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What is CMA?

When infants and children are fed cow’s milk proteins this can trigger allergic reactions. By avoiding cow’s milk proteins completely, the symptoms caused by this reaction can also be eliminated.

Cow’s milk allergy (CMA) is the most common food allergy in infants and young children – about 2 % to 5 % of all children suffer from this condition. It is an overreaction of the immune system to one or more proteins contained in cow’s milk. Cow’s milk protein is usually one of the first complementary foods to be introduced into the infant’s diet and is commonly consumed throughout childhood as part of a balanced diet. Very rarely, exclusively breast-fed babies can react to cow’s milk proteins.

These proteins can be passed on through their mother’s milk if she has been consuming dairy products. In this situation, clinical guidelines recommend that breast-feeding is continued due to its benefits and the mother tries to eliminate cow’s milk protein from her diet. CMA generally affects children of under the age of 2 to 3 years.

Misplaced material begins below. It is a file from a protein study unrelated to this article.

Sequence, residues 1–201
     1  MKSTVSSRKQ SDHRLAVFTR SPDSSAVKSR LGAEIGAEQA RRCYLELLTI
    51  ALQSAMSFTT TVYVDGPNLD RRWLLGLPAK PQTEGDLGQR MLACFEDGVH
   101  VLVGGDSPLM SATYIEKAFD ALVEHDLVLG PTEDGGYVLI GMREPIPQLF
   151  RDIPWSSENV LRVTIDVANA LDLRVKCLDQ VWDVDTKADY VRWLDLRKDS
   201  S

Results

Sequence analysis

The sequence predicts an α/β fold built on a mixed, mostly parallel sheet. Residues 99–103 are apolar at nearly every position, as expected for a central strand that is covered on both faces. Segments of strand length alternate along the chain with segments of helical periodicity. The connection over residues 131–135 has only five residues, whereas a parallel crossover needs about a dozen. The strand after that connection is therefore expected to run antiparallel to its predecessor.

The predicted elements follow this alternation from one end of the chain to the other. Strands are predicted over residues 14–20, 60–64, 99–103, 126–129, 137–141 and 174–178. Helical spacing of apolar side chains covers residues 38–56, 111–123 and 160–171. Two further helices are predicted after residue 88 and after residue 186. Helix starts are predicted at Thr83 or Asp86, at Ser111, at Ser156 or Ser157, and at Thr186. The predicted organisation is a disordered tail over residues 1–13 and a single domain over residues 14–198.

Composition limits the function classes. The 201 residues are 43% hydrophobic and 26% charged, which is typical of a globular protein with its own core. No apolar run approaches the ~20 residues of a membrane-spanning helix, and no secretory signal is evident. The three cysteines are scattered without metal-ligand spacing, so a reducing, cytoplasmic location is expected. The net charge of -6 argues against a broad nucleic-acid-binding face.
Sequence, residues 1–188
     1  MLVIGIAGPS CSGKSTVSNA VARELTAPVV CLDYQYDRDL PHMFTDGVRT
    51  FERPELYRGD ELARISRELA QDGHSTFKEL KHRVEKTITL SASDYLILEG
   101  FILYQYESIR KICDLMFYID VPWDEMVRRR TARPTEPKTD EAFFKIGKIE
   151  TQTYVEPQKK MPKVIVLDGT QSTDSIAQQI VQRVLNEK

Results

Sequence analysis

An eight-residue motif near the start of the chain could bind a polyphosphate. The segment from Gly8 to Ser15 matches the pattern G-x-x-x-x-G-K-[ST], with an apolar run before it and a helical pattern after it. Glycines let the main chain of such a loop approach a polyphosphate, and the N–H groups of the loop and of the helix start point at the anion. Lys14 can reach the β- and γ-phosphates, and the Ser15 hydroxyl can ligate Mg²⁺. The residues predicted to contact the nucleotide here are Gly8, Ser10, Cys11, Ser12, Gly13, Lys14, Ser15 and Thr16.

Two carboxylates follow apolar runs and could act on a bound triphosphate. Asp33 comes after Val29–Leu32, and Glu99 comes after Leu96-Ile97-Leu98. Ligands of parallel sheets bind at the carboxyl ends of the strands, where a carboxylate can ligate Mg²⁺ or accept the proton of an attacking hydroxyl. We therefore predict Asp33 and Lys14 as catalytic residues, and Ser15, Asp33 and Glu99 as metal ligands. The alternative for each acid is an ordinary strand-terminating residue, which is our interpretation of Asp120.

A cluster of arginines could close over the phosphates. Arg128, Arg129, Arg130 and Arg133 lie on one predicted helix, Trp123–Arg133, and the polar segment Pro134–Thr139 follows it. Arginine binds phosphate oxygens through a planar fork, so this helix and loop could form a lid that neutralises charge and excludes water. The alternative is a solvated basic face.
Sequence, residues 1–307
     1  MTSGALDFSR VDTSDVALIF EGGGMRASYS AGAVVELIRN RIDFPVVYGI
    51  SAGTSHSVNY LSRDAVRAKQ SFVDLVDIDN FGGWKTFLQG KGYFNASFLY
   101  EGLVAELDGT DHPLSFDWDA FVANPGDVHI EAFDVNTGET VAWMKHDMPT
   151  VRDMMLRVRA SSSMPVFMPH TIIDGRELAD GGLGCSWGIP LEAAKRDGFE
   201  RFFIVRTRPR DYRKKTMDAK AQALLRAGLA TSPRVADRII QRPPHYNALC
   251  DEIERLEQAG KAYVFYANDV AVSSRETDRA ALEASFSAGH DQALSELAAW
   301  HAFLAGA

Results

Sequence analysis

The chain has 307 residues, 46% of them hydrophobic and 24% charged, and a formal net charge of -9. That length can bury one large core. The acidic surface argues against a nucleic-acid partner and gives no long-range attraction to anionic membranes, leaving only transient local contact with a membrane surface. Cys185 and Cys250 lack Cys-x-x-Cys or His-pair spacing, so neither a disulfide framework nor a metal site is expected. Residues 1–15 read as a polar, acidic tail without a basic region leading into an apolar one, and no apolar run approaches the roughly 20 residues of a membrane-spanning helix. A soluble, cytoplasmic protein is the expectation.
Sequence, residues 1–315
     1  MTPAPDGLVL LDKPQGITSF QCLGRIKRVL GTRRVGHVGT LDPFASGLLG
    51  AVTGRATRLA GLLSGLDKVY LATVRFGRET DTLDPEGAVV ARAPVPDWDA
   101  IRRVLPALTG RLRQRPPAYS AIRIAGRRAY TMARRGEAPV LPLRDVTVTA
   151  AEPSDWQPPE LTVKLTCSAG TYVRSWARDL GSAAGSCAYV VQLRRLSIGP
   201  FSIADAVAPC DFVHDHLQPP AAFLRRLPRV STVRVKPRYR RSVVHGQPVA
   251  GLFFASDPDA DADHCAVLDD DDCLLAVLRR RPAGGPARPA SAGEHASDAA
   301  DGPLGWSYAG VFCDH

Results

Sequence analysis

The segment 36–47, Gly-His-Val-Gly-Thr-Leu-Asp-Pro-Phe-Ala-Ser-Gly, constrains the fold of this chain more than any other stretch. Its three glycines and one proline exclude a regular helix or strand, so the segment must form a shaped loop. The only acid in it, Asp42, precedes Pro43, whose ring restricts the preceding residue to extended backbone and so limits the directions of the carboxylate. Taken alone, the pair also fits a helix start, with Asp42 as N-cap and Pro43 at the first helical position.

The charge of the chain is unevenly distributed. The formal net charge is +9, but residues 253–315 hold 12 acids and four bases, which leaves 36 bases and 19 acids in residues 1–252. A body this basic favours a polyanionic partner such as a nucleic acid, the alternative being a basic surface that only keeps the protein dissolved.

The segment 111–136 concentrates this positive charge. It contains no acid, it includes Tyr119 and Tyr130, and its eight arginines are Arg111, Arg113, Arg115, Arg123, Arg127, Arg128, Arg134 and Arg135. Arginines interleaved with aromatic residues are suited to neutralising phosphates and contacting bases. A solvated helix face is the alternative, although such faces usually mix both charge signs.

The symptoms caused by CMA are varied and may affect several organ systems, e.g. the skin, the digestive or the respiratory tract, possibly resulting in skin rash, eczema, vomiting, diarrhoea, colic, wheezing or excessive crying. The allergic reactions can set in very rapidly (e.g. severe breathing problems, vomiting), but they can also be delayed or require a larger portion of food (e.g. a glass of milk) to set them off. An example of a delayed reaction would be a skin rash or diarrhoea which can take up to 3-5 days to appear.

In formula-fed infants and older children avoiding whole cow’s milk proteins will be necessary to eliminate the symptoms of CMA. This requires adequate dietary substitutes to be determined with the advice of a health care professional. As already mentioned, in case you breastfeed your child it will be recommended that you change your diet by eliminating all milk proteins.

If that doesn't help, your child's doctor will advise to consider a substitute, ranging from formulas containing proteins which have been broken down, to formulas that contain no cow's milk protein at all, so-called amino acid-based formulas.

DRAMCA. WAO Journal April 2010
Wood. PEDIATRICS Vol. 111 No. 6 June 2003